I do, yeah, I relate a lot to Miguel because of that and because my dad was against when I wanted to be an artist. When I first declared my college choice, they were like "oh no, how are you going to feed yourself?" To come to this point where all of a sudden I'm at Pixar, doing well and following that dream. So yeah, I definitely relate to Miguel.
What would your dream project be like? Do you have any new projects that you're working on right now?
Oh no, we just finished Coco and I had been on it for three years so I need to take a break. I'm sure there are new projects I'm gonna get on but as of now, I don't know yet, they want me to rest.
Do you see yourself progressing to being a director like your colleagues at Pixar who started as animators and are now directors?
I actually get that question a lot. There are so many animators out there who has a sense of timing and ability to tell stories in their animations but some of us strive to be directors and some of us don't. I don't know if it's something I've ever thought I wanted to do – I could do a short, possibly – but I just love animating. Sadly, as a Sup, I don't get to animate anymore but I've always loved animating and figuring out the character especially if it's a story I'm really interested in. We'll see if I think of an idea and I want to do a short, I guess that's kind of the path.
What do you think would you be doing if you weren't an animator? Any other career path you'd be interested in?
Oh, I love to just be an artist – like old school painting. You know, I graduated from UST and I remember when we were just out in the field painting. I feel like since my life has been about the computer, I don't do a lot of drawing anymore so I just want to go back and just be an artist.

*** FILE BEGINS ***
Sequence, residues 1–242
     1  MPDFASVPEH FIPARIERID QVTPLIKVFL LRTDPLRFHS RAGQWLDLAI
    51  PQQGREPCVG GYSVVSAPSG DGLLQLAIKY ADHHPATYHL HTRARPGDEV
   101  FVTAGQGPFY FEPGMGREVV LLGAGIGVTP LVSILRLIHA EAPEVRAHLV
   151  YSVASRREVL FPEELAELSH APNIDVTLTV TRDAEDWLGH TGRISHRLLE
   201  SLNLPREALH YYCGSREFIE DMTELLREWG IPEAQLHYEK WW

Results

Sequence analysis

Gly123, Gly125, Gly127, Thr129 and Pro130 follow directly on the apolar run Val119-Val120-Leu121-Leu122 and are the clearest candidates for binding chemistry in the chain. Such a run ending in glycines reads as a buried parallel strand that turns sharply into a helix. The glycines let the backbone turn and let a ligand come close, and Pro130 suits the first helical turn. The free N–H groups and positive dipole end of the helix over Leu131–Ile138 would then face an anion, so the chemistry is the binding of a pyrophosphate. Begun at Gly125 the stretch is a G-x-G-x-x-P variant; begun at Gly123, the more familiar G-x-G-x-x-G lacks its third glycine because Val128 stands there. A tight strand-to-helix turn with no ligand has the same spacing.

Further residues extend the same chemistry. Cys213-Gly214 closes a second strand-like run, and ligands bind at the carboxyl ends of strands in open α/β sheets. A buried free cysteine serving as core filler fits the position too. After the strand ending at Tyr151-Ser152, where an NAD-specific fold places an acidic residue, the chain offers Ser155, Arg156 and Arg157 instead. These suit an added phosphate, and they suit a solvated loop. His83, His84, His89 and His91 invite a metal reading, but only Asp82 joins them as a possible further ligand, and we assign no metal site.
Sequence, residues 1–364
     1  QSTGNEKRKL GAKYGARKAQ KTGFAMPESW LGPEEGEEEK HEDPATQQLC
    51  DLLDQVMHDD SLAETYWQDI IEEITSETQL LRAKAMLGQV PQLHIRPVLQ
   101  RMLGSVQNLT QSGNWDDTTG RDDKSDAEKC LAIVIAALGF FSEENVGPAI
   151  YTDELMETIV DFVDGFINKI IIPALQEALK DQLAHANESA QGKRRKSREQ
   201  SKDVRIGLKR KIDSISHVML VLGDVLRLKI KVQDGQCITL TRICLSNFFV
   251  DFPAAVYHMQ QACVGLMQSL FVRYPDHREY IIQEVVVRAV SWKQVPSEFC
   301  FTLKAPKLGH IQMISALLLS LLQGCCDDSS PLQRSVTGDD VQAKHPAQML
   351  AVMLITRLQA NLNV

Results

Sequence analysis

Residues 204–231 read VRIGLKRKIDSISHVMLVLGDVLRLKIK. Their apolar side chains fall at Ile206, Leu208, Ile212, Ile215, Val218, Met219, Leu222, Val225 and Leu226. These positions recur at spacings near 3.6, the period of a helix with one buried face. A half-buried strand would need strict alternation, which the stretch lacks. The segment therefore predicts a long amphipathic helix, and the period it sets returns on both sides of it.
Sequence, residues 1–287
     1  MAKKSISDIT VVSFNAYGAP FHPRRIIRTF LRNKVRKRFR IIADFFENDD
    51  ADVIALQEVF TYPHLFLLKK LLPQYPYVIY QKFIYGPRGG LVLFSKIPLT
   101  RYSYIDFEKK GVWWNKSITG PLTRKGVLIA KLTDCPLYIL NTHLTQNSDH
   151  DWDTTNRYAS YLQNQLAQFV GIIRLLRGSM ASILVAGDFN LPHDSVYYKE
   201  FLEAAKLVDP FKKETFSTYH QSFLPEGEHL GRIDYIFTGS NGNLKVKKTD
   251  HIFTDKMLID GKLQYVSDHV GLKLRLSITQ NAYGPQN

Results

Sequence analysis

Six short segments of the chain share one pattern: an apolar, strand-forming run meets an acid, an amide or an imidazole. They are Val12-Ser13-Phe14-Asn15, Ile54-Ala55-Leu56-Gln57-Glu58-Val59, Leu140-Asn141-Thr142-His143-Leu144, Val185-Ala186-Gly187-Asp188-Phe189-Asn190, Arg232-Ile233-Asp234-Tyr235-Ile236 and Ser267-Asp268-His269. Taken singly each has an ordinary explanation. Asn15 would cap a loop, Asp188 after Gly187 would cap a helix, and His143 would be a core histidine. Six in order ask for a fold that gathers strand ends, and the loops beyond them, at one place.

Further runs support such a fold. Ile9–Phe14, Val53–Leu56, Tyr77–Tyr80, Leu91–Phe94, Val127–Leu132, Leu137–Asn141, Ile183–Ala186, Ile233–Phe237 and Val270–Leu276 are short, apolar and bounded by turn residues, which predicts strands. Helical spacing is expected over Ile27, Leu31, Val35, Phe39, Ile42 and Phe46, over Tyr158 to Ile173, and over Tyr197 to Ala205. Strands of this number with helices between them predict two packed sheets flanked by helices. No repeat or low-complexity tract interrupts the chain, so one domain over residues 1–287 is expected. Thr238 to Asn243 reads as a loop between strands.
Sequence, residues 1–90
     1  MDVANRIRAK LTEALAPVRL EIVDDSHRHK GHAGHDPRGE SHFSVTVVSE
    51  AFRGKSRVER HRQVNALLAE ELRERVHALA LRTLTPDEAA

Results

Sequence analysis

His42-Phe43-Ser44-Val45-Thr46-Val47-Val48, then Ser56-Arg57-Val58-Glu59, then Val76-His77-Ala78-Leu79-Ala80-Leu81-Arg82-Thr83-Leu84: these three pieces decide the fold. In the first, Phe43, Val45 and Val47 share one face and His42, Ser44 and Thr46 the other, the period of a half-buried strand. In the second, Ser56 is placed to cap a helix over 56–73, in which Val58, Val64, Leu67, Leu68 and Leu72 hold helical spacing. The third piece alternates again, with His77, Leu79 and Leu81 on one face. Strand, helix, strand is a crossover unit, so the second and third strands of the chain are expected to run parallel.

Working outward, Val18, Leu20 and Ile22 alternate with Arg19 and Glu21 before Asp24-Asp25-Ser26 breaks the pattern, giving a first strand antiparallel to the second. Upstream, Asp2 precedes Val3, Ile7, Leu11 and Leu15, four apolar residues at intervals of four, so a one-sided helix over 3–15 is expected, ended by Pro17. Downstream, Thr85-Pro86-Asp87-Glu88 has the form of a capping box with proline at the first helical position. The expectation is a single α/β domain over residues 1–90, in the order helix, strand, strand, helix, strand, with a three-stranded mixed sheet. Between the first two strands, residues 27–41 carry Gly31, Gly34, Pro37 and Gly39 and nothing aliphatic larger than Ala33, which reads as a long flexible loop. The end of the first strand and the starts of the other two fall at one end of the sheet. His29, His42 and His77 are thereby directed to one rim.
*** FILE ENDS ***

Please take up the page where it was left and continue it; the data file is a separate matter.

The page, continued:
For students here, what's the best way to get noticed by international companies or animation studios?
I can only speak from animation. Just make sure that the quality of the animation is there and before animation made its leap onto the computer, there's the old school 2D animation. There are 12 principles of animation and a real animation student would know that. So I get asked by students a lot on what they should put on their reel and I always tell them that it comes down with what we see in the animation. It doesn't have to be polished, we've gotten reels where the animation is rough but we could see the timing is there, the acting and the beats are clear. So, really, it just goes back to whatever your principles of animation are, making sure you know that and applying it to whatever the animation is and we'll see that even beyond anything else you put there.
Do you have any advice to to artists who'd want to break into the animation industry?
There's so many resources now on the web that gives you information on schools. Even at Pixar.com, there's a Careers page where you can find internships. You know, way back when I started, there was no information. I entered into Pixar and they were just trying to figure it out. Now, there's all sorts of information on the web, there are even lessons. So, if you really love it just keep doing it, find a way to put it on the web and just share your work. If you're able, find out if you can enter schools that can teach you animation.
Coco opens November 22 in cinemas nationwide. Follow Coco on Facebook and Instagram for exclusive updates.